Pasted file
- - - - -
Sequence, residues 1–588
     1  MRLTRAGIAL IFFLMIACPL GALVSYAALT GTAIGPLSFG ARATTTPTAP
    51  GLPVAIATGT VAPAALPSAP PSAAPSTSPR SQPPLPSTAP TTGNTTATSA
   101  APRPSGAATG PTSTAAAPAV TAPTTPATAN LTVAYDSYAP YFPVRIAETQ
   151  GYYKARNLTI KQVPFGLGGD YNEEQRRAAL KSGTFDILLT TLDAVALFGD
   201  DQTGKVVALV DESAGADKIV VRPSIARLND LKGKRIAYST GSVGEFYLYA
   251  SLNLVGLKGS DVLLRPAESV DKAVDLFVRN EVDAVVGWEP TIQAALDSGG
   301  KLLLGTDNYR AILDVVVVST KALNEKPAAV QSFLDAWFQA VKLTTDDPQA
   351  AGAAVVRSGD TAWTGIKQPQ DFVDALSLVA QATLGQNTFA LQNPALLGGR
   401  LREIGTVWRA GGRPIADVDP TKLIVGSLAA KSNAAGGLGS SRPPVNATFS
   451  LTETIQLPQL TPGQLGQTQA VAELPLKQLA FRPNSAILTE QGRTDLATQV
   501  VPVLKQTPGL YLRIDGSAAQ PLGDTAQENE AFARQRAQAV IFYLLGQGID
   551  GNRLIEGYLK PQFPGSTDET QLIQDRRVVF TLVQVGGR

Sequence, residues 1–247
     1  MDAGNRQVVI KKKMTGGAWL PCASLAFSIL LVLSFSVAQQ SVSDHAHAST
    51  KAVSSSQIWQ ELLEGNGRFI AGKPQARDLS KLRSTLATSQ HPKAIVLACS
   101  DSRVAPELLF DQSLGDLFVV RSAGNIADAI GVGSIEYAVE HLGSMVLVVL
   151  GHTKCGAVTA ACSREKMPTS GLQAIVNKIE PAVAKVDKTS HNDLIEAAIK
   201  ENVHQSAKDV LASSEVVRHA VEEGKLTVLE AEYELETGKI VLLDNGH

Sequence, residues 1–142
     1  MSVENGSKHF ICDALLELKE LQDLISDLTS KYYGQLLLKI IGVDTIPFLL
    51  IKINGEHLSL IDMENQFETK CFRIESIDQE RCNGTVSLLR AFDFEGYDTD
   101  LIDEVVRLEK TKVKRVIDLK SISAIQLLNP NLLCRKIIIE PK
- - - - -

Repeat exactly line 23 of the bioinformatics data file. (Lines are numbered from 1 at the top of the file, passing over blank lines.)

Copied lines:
   101  LIDEVVRLEK TKVKRVIDLK SISAIQLLNP NLLCRKIIIE PK